Impaired Social Decision-Making Mediates the Association Between ADHD and Social Problems

J Abnorm Child Psychol. 2016 Jul;44(5):1023-32. doi: 10.1007/s10802-015-0095-7.

Abstract

Attention-deficit/hyperactivity disorder (ADHD) reliably predicts social dysfunction, ranging from poor social competence and elevated peer rejection to inadequate social skills. Yet, the factors mediating predictions of social problems from childhood ADHD are not well understood. In the present study, we investigated social functioning in 186 (69 % male) 6 to 10 year-old (M = 7.88, SD = 1.17) children with (n = 98) and without (n = 87) ADHD who were followed prospectively for two years. We implemented a well-validated measure of social problems as well as a novel social decision-making task assessing dynamic response to changing affective cues at the two-year follow-up. According to separate parent and teacher report, baseline ADHD symptoms positively predicted social problems at the two-year follow-up; individual differences on the social decision-making task mediated this association. This finding was replicated when ADHD dimensions (i.e., inattention and hyperactivity/impulsivity) were separately examined. These findings suggest that the deficient use of affective cues to effectively guide behavior may partially underlie poor social functioning among children with ADHD. If replicated, these preliminary findings suggest that social skills interventions that target interpretation of affective cues to aid in social decision-making behavior may improve social outcomes negatively affected by early ADHD symptoms.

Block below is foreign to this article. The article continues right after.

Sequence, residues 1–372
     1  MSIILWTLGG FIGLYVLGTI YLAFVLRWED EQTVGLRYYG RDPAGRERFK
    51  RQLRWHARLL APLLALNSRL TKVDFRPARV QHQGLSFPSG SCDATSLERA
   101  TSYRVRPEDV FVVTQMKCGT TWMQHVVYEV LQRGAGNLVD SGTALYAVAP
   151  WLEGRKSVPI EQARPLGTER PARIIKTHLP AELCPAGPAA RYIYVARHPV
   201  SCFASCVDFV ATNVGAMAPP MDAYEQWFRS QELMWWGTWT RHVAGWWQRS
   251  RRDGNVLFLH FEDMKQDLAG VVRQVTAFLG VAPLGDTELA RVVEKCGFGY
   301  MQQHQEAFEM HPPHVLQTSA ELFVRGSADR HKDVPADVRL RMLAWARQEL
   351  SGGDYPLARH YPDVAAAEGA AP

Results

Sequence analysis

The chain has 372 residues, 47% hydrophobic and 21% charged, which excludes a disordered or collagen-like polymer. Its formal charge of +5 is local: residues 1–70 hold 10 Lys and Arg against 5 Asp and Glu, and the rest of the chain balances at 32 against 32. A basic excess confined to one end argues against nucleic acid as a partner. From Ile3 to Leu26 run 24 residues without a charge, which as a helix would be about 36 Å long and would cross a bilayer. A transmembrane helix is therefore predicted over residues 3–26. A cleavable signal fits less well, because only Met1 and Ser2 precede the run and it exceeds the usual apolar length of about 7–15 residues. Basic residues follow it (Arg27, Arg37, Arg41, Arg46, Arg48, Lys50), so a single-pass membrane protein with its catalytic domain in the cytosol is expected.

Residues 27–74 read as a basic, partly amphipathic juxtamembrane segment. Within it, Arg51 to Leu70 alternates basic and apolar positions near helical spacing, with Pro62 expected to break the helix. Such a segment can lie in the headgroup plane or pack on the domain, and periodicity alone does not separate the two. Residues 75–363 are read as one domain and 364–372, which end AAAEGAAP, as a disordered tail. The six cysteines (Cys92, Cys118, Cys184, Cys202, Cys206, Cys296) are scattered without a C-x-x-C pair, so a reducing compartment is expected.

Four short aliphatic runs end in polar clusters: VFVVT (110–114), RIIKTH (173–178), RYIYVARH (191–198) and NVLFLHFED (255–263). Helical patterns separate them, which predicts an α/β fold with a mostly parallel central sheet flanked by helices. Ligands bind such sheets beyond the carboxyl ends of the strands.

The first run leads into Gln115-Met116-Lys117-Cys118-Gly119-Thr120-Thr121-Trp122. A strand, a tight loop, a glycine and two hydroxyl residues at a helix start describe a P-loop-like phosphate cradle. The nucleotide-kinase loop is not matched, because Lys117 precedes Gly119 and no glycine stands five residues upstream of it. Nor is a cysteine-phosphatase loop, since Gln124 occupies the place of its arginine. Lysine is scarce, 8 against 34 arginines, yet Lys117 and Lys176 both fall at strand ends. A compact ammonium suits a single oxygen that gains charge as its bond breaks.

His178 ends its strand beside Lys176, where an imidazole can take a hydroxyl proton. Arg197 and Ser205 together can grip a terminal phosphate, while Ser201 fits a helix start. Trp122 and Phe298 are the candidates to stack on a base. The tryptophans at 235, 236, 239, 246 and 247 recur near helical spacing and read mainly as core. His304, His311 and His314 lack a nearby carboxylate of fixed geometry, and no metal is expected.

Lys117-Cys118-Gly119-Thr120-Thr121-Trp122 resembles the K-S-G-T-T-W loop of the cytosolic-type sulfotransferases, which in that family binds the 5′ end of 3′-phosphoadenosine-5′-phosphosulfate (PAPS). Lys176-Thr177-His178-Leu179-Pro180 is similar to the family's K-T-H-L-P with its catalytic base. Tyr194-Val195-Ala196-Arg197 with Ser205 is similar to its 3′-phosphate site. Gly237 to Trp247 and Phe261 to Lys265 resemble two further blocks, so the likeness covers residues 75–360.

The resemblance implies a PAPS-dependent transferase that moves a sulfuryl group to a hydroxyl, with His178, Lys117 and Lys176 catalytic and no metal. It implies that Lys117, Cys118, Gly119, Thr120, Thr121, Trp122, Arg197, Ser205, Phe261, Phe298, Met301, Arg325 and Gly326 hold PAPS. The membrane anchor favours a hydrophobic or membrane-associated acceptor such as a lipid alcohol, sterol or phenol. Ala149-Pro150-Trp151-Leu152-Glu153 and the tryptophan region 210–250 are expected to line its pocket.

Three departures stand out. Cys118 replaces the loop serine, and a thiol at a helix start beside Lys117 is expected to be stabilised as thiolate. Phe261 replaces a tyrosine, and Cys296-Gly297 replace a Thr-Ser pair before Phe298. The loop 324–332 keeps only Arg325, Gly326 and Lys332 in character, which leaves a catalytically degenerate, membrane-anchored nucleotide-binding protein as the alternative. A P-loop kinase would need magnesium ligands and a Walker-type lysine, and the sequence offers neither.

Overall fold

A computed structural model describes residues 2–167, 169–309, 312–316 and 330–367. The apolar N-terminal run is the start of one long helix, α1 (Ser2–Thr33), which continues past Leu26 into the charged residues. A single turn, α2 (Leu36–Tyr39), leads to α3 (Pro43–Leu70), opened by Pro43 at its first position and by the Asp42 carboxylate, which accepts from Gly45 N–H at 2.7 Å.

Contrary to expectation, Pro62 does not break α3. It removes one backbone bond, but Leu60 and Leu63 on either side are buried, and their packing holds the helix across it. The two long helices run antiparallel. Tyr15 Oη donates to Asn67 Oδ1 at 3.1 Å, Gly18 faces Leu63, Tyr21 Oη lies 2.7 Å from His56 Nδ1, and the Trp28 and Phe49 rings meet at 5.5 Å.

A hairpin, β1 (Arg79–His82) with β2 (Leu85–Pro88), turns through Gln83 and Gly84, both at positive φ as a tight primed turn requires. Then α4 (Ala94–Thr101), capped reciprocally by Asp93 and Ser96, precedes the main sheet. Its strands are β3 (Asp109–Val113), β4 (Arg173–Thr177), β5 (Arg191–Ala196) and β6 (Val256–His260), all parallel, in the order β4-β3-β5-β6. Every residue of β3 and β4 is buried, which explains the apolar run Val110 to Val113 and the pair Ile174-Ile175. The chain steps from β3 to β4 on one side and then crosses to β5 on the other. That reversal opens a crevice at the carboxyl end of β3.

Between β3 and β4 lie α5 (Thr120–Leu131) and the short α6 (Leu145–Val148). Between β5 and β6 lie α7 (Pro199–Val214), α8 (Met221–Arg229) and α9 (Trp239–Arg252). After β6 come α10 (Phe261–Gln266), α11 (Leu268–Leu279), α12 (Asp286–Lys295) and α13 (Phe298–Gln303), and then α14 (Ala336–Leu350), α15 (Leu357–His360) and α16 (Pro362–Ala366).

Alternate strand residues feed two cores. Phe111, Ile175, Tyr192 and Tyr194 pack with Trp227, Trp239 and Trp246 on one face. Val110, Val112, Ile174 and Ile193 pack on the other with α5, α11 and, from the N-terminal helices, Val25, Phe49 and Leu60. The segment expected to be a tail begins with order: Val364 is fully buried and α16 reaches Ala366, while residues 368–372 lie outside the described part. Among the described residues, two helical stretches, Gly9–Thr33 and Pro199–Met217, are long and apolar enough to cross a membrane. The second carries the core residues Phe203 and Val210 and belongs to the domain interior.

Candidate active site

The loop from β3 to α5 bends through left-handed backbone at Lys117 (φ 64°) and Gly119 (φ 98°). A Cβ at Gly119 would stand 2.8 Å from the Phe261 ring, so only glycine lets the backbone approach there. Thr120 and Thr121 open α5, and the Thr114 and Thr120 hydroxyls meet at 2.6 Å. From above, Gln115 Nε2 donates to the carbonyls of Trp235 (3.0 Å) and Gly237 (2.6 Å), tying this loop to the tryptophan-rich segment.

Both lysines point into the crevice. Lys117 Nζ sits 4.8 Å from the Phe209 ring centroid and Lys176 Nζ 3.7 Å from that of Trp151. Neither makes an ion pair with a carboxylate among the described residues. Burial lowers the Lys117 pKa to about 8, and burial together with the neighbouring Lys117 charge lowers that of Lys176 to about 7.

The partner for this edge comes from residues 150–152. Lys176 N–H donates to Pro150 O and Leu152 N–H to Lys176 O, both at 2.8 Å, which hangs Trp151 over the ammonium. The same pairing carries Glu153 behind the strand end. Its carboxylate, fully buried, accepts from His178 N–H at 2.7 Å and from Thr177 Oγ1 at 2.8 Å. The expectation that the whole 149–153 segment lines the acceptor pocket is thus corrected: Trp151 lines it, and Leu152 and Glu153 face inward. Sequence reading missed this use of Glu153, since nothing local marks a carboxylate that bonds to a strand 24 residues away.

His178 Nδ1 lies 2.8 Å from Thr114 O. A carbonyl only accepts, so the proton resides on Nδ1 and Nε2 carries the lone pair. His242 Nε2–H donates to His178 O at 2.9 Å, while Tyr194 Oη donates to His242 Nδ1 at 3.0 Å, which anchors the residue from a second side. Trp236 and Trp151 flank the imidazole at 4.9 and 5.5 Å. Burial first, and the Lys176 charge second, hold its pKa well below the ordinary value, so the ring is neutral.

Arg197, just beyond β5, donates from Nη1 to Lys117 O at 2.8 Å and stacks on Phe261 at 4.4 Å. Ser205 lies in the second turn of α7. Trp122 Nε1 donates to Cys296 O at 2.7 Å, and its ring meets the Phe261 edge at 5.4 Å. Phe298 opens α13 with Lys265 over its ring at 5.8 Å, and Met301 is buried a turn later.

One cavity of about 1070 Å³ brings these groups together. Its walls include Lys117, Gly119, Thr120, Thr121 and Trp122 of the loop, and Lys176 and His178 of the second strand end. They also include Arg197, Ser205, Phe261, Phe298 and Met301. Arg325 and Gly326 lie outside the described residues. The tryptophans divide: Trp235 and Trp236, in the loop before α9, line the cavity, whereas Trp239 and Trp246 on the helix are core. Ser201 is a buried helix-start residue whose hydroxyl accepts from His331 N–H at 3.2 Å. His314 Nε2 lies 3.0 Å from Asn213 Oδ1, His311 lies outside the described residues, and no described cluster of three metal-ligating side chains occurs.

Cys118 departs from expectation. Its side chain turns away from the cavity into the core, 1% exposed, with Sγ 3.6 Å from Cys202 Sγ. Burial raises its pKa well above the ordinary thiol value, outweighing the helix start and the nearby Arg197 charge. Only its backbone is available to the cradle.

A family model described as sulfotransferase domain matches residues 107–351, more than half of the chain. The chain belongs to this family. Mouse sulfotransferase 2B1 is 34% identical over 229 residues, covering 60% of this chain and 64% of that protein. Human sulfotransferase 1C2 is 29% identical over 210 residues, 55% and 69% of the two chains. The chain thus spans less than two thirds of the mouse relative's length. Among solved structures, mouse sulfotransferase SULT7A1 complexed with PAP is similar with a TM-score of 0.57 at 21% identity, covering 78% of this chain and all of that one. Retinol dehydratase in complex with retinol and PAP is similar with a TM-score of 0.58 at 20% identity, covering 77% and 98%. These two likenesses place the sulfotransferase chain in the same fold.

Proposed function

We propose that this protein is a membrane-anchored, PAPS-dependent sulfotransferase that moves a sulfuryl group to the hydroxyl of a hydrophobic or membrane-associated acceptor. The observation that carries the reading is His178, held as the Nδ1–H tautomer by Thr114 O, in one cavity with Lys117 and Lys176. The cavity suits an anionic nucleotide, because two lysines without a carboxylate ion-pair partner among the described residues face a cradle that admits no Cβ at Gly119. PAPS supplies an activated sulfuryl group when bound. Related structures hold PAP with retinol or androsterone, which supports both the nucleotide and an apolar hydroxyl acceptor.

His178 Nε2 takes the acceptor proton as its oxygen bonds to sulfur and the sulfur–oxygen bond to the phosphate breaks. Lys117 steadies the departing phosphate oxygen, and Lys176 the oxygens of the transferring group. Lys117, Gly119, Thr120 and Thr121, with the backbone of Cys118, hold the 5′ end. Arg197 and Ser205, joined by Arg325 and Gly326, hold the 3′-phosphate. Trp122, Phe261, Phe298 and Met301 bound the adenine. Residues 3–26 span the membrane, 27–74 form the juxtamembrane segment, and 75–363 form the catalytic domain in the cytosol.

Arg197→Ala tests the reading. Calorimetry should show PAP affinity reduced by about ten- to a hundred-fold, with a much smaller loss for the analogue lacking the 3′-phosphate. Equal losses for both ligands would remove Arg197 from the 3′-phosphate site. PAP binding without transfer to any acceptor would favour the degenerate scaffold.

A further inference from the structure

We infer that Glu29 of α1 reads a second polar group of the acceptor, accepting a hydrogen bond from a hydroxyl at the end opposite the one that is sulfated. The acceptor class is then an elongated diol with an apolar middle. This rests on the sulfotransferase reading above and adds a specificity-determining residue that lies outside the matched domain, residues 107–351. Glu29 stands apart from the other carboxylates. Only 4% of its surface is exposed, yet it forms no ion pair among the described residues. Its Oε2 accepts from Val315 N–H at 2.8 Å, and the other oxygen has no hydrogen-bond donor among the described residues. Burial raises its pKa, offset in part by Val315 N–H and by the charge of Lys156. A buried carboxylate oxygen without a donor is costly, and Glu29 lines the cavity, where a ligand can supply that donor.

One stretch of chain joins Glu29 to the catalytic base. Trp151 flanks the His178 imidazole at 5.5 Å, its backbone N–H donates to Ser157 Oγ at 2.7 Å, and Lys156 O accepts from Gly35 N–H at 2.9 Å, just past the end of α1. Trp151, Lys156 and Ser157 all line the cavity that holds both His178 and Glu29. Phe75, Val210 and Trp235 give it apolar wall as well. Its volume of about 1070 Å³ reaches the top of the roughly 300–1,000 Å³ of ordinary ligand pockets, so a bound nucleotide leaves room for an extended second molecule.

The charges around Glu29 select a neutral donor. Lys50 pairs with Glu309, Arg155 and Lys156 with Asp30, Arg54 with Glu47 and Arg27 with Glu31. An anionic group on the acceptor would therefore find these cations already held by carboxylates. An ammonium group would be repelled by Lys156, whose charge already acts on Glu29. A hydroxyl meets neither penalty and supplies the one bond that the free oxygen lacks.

Keywords: ADHD; Attention-deficit/hyperactivity disorder; Decision-making; Social functioning; Social problems.

Publication types

  • Research Support, U.S. Gov't, Non-P.H.S.
  • Research Support, N.I.H., Extramural

MeSH terms

  • Attention Deficit Disorder with Hyperactivity / diagnosis
  • Attention Deficit Disorder with Hyperactivity / psychology*
  • Checklist
  • Child
  • Child Behavior / psychology
  • Decision Making*
  • Female
  • Humans
  • Male
  • Social Adjustment
  • Social Behavior
  • Social Skills*